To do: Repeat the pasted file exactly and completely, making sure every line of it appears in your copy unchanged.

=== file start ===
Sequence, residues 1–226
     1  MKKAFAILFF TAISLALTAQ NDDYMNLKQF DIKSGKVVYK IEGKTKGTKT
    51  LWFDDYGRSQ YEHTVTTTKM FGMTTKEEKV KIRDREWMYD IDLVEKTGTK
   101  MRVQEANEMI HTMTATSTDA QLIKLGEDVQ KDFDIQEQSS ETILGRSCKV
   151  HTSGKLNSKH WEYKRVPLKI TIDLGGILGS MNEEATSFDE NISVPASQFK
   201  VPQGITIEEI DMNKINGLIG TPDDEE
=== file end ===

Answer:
Sequence, residues 1–226
     1  MKKAFAILFF TAISLALTAQ NDDYMNLKQF DIKSGKVVYK IEGKTKGTKT
    51  LWFDDYGRSQ YEHTVTTTKM FGMTTKEEKV KIRDREWMYD IDLVEKTGTK
   101  MRVQEANEMI HTMTATSTDA QLIKLGEDVQ KDFDIQEQSS ETILGRSCKV
   151  HTSGKLNSKH WEYKRVPLKI TIDLGGILGS MNEEATSFDE NISVPASQFK
   201  VPQGITIEEI DMNKINGLIG TPDDEE